Making Child Care Affordable and Accessible to All
NOTE: The following is an op-ed from Minister of Education and Early Childhood Development, Zach Churchill
We are building a stronger, more accessible and more affordable early learning and regulated child care system in Nova Scotia.
In 2016, only one in four of our preschool-aged children and their families were able to access critical child care and early learning opportunities. Recognizing the importance of early learning for young, developing brains, this was not acceptable.
This is why we’re changing the landscape. In September 2020, all Nova Scotian families will have access to high quality, free, universal pre-primary programs for four-year-olds. This will come with busing and a before and after program option, a $50 million investment to remove those potential barriers for families who want to enroll their children in pre-primary. This allows more four-year-olds to access pre-primary and may allow parents to get back in the workforce or studies, knowing their children are well cared for while they are at their jobs or in school.
We are also working with the private and not-for-profit regulated child care sector to grow opportunities for families who want to access their services. We have done this by doubling our investment in the sector to $78 million so we can support subsidies, wages and operations and the establishment of new child care centres, and more child care spaces, particularly in areas where there were none previously.
The investment also goes to make child care more affordable for families. We changed the eligible income limit from $35,000 to $70,000 per year. That means families receiving full subsidy are paying on average, $10 per day for child care. Making child care more affordable means more families can access that care for their children.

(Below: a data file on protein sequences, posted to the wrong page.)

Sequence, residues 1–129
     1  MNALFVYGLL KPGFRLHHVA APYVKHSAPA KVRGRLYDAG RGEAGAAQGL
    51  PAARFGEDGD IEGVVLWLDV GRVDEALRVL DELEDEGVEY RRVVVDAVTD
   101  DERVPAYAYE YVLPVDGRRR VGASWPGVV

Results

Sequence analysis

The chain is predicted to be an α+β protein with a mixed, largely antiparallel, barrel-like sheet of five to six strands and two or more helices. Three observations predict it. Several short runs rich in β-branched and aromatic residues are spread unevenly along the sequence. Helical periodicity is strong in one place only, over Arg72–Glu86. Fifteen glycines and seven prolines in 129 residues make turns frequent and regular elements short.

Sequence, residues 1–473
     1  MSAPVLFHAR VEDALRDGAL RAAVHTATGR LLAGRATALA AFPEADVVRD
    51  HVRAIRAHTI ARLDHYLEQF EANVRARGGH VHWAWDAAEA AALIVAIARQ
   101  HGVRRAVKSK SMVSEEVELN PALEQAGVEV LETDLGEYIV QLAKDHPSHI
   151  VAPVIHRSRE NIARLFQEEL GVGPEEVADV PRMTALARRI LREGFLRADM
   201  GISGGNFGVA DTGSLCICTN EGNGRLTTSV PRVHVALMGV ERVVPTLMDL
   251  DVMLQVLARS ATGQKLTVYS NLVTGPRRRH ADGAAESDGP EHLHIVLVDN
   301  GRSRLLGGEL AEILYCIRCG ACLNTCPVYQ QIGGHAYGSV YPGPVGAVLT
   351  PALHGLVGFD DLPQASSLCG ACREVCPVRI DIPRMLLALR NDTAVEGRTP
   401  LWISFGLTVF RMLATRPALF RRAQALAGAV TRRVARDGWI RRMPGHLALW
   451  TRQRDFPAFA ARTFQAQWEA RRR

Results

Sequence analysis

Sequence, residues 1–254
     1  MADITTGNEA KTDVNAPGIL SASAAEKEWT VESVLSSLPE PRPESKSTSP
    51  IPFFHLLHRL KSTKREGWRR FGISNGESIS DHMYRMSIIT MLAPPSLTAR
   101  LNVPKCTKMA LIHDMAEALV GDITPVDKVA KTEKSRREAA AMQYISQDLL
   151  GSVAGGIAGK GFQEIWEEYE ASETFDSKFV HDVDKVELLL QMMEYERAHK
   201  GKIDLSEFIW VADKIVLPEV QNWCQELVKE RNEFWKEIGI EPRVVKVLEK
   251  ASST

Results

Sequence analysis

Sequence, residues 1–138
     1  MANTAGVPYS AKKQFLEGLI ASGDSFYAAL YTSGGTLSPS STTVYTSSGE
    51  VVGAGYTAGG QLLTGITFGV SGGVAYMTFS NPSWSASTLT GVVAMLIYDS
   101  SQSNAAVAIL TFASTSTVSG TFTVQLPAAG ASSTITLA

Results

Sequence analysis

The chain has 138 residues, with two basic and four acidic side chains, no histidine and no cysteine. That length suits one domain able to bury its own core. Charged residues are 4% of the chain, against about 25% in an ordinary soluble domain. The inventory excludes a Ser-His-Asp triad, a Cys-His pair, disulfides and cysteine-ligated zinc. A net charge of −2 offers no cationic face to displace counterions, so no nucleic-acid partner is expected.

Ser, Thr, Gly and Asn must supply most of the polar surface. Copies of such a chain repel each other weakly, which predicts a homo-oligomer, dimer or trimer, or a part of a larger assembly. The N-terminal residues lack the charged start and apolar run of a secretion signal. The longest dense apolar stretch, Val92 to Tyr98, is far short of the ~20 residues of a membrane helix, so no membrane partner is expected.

Of the $78 million invested in the sector, $26 million directly supports employers to increase wages for early childhood educators (ECEs) in the private and not-for-profit sector. ECEs, on average, have seen their wages increase from $12 an hour to $18 an hour.
Our investments have ensured that more spaces are available for kids, child care is more affordable for more families and that hundreds more jobs are available for ECEs in Nova Scotia.
Of course, periods of transformation can create challenges. Primarily because we’ve created upwards of 600 new jobs for ECEs. We’ve created pressure and competition for ECE’s in the labour market, including private and not-for-profit child care centres.
To address this, we’re training more ECEs by opening more seats at the Nova Scotia Community College and have offered bursaries for those interested in seeking a career as an ECE. We’re also supporting aggressive recruitment of ECE’s locally, nationally and internationally.
More than 200 new ECEs are graduating this year into a competitive and lucrative job market and hundreds more will graduate next year.
While transformative change always brings short-term challenges; longer-term, having greater access to child care and early learning provided by more highly trained ECEs is good for families and good for kids.